A man convicted of shooting a Cobb County transgender woman in the chest and head and murdering her will remain in prison as the Georgia Supreme Court rejected his appeal and upheld a life sentence.
Attorneys for Dorville O'Neal Thomas, 35, argued that the evidence against him didn't support the verdict, the trial judge refused to instruct the jury as they requested and that his trial attorney was ineffective, according to a case summary from the state's high court.
But the justices rejected those arguments in a unanimous decision issued Monday.
“In today’s opinion, the high court has rejected all his arguments and finds no errors on the part of the trial court,” Justice Carol Hunstein wrote for the court. The evidence was “sufficient to enable a rational trier of fact to conclude beyond a reasonable doubt that Thomas was guilty of malice murder,” she added.
Thomas shot Kalvin McGee in the head and chest as he fired four shots during a struggle with McGee in her Cobb apartment on Jan. 9, 2009. Thomas arrived at the apartment after buying marijuana and planned to pay McGee, a sex worker, for sex. Even though McGee advertised herself as transgender using the name “Meeya” in online escort ads, Thomas reacted violently when the two were in McGee's bed, according to the court.
According to Thomas, he was lying next to McGee on the bed when he realized McGee was not fully female, and he promptly tried to leave. He said an agitated McGee saw the gun in his back pocket and reached for it. Thomas then pulled the gun out of his pocket, and the two tussled on the bed, with Thomas on top of McGee. Thomas said that during the struggle, the gun went off [four] times, and McGee slid onto the floor. Thomas told investigators he never paid McGee.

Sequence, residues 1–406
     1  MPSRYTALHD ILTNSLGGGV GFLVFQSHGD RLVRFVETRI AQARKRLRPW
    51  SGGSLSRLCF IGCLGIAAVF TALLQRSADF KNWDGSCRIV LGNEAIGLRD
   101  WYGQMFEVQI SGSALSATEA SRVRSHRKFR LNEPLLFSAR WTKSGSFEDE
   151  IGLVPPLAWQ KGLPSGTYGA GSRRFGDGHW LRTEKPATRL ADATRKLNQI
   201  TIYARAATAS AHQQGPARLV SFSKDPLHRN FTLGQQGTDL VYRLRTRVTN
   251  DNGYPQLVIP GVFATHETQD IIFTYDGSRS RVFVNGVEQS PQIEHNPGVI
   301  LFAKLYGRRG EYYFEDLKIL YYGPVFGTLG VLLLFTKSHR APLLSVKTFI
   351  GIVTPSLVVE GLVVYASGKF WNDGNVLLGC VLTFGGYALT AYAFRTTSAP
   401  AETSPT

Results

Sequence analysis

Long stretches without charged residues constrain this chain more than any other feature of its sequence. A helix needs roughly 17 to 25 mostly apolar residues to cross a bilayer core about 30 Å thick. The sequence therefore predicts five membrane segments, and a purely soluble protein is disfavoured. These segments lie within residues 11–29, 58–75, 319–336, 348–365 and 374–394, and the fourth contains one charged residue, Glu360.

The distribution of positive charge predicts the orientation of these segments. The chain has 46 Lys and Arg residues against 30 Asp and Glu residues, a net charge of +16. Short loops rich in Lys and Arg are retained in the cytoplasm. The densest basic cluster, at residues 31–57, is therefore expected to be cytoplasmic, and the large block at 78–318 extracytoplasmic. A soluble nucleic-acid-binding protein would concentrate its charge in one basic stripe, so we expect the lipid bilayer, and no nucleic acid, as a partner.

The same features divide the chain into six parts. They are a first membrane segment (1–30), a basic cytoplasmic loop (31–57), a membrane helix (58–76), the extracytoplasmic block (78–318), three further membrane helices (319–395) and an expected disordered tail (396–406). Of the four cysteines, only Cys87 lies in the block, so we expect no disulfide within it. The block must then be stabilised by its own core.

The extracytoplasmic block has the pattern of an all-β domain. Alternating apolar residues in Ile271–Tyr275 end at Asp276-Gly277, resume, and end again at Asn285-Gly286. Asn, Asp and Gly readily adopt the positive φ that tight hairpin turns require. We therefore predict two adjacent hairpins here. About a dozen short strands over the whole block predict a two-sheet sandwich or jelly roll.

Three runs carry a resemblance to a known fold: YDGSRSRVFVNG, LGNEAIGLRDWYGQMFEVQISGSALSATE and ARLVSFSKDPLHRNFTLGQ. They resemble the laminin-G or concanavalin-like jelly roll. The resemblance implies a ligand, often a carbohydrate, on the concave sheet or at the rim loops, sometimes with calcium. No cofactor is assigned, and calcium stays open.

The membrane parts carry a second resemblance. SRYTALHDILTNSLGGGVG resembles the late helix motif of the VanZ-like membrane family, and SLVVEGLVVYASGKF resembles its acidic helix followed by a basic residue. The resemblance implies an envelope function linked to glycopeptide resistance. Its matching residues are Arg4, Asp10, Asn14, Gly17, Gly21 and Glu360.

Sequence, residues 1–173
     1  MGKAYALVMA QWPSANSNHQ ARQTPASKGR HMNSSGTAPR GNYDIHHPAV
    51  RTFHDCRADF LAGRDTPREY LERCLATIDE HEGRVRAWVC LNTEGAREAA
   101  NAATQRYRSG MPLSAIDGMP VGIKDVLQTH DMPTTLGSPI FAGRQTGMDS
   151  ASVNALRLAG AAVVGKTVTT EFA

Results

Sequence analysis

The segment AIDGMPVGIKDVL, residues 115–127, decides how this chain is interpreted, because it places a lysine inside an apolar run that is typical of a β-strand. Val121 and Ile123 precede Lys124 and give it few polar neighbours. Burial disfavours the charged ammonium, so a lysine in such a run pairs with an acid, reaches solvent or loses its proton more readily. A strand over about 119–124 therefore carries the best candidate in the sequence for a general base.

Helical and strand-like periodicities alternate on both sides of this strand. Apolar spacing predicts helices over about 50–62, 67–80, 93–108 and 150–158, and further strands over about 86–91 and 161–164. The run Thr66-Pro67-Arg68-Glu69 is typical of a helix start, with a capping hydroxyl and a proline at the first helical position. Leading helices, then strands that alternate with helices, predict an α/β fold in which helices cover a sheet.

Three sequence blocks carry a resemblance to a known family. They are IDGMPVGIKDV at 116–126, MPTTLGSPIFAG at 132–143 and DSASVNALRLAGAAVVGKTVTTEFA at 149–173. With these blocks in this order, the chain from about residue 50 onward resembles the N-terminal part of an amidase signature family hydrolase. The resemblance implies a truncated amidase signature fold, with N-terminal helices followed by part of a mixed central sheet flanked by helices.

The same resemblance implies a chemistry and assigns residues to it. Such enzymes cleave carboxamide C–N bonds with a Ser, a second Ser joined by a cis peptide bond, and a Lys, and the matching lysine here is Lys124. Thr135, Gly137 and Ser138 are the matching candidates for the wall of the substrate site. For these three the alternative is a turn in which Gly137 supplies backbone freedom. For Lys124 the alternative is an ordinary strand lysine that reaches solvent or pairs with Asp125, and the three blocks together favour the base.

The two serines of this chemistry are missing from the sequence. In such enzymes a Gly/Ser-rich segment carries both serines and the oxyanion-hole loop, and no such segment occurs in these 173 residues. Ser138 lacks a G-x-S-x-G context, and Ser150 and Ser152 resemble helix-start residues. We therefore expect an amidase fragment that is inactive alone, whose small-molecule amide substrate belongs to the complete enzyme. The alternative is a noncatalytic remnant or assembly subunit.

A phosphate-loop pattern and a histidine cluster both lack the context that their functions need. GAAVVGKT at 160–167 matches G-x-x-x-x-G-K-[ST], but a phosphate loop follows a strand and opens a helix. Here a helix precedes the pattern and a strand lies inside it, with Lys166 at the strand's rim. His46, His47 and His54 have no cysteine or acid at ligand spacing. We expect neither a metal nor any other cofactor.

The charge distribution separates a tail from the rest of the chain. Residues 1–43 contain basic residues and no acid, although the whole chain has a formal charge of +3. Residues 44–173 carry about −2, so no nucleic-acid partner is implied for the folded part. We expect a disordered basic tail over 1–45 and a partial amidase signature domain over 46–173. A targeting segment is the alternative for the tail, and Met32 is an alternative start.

Evidence at the trial showed that the gunshot to McGee's jaw was likely fired first and at close range and possibly during a struggle, according to the court. Soot was on McGee's hand. But the chest wound was fired from several feet away and likely did not occur during a struggle.
McGee's roommate arrived after Thomas fled and discovered her dead on the floor next to a blood-stained bed. The roommate had texted McGee earlier but investigators did not find her phone in the apartment. Phone records later linked McGee and Thomas, who initially told police he didn't know McGee and was not at the apartment during the shooting.
When police searched Thomas' home, they found the revolver he used to kill McGee wrapped in a towel and stuffed in the attic, according to the court opinion. Thomas eventually admitted that he spoke to McGee by phone and went to her apartment.
A jury convicted Thomas of malice murder after a two-day trial in March 2010. The next day, March 11, Thomas asked for a new trial. That motion was denied after a hearing in October 2013. He then appealed to the Georgia Supreme Court.
In today’s opinion, the high court has rejected all his arguments and finds no errors on the part of the trial court. While Thomas argued there was no evidence that he acted with malice, “It is for a jury to determine from all the facts and circumstances whether a killing is intentional and malicious,” the opinion says. “Here, the jury heard evidence McGee clearly advertised himself as ‘transsexual’ and that Thomas was armed when he went to McGee’s apartment.” And although jurors heard Thomas’s statement that there was a struggle for the gun, they also heard expert evidence that the gunshot wound to McGee’s chest came after he had already been shot and probably did not come during a struggle. “The evidence was sufficient to support the jury’s verdict,” the opinion says.
The state Supreme Court has also rejected Thomas’s claim that the trial judge erred in refusing to instruct jurors that they could consider the shooting an “accident” or they could consider whether he was guilty of the less serious crime of involuntary manslaughter. He also challenged the language the judge used in his jury instruction on voluntary manslaughter. But the Court finds these arguments “without merit,” the opinion says. Finally, the Court has rejected his contention that his trial attorney was ineffective in violation of his constitutional rights.
“Judgment affirmed,” the opinion states. “All the Justices concur.”
Thomas is currently serving his life sentence at Dooly State Prison in Unadilla.
[photo via Georgia Department of Corrections]